I agree that ‘catalyzed’ Li-p fusion might be the most plausible explanation for the so-called “Rossi effect”. Since the Li-p reaction is well known and documented since the 1930’s, it would be relatively easy to convince mainstream physicists, provided that the mechanism of catalysis can be conclusively explained. Most likely, all the necessary knowledge is already there and only the pieces have to be put together.

    BTW if Li-p works, 11B-p might be an additional possibility. 6Li-p would produce 3He, which should (although not easily) be detectable. 3He and 6Li could produce new protons and thus enhance the process (see https://en.wikipedia.org/wiki/Aneutronic_fusion#Candidate_reactions )

    • Zephir

      It’s not so simple, because Piantelli did start his experiments with A) protium, not deuterium B) without any lithium or high voltage discharge in system at all. IMO each LENR could have it’s own mechanism (electron capture, neutron decay, etc..) – only the ways, in which the Coulomb barrier gets overcomed may be similar.

      • Andreas Moraitis

        Agreed – there are various examples of experiments without lithium. However, a rather simple, conformist approach might help to arouse interest from the part of ‘established’ science.

  • Gerard McEk

    I am impressed by this patent, although it looks more like an research report. In some cases massive powers were achieved. These calculated output powers (based on He ions count) should have made the chamber quite hot. I did not find any indication it did.

    From technology point of view this is more complex than the QX technology of Andrea Rossi. Both are having the same energy generation: Li6/7 -> He3/4 + MeV though.
    I am sure that Andrea will not agree with the theory behind this as the Unified Gravity is not widely accepted. Nevertheless, if their theory confirms that a p-Li fusion reaction can occur at around 222 eV instead of 300-700 keV as should be the case if just the coulomb repel force would be in play, then maybe UG is on the right way!

    I look really forward when MFMP is going to do some replication of this.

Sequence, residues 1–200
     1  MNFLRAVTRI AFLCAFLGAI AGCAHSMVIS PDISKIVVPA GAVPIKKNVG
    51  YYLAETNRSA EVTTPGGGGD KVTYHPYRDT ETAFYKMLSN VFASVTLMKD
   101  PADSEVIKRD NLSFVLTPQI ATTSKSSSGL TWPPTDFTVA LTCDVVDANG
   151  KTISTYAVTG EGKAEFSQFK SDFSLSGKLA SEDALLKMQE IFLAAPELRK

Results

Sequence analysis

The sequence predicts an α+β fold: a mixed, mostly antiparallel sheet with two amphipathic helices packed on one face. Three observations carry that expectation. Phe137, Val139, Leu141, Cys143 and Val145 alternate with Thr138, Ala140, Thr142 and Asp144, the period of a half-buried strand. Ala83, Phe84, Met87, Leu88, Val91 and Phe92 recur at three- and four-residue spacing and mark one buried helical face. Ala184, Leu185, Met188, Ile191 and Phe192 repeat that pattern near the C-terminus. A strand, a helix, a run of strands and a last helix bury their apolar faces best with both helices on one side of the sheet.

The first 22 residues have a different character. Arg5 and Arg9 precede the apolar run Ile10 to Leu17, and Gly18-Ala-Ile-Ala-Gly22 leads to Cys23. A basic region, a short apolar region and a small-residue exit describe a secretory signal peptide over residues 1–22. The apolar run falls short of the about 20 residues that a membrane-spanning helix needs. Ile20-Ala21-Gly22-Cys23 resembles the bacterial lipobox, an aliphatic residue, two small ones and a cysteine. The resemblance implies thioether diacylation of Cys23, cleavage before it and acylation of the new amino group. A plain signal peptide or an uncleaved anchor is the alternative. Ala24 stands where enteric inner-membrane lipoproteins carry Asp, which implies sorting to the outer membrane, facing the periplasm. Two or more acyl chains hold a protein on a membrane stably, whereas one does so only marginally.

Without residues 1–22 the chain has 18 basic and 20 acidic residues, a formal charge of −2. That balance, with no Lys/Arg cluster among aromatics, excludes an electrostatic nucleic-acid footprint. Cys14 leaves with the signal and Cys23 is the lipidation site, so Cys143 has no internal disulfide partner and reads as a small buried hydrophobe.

• Axil Axil

      “I am impressed by this patent, although it looks more like an research report. In some cases massive powers were achieved. These calculated output powers (based on He ions count) should have made the chamber quite hot. I did not find any indication it did.”

      In LENR, oftentimes transmutation appears without the production of any heat.

  • Zephir

    Yes, but I don’t know, what he is doing right now. Probably some secret research near Moscow..

  • Zephir

    Do you mean prof. Podkletnov or McCulloch? I’m well aware of both but I lack fresh sources about Podkletnov’s research…

  • Zephir

    Stoyan Sarge device is interesting and i think, it has many things in common with Biefeld-Brown asymmetric capacitor effect. But it also exhibits a corona, which would push a ion wind even inside the sealed glass tube. The reactive force would introduce a momentum to the tube even without any electrogravitic effect. The problem is, Sarge doesn’t demonstrate any permanent thrust with his device, only wobbling as a result of current impulses and his device still contains movable parts (the air trapped around coil inside the tube). But such an arrangement cannot serve as a conclusive evidence of violation of momentum conservation. You can create similar effect when you’re swaying on swing.

    • Max Nozin

      Was there a video of the same device spring on a carousel?

      • Zephir

        Yep – but not with sealed glass tubes. Such a carousel could be still propelled by common lifter effect…

  • Dave Lawton

    Then he also points to Newtons optics were Newton describes the Aether.Maybe the Salvation army band was playing again outside his house and he became distracted.

  • Karl Venter

    Anybody been on their page lately
    Nice picture 2 of them thats all?

  • Gerard McEk

    I agree and they can only hope that MFMP will do that for them. If they do and the result is positive, then they owe MFMP (and the LENR community) a lot!
    Ant other possibility is that a company does it without their knowing and if they find a positive result, they might be willing to buy the patent (if the patent is not opposed).
    I am not sure how much their patent differs of the Rossi/Holmlid patents. The methodology to reach LENR differs for these three developers, but fuel seems more or less the same.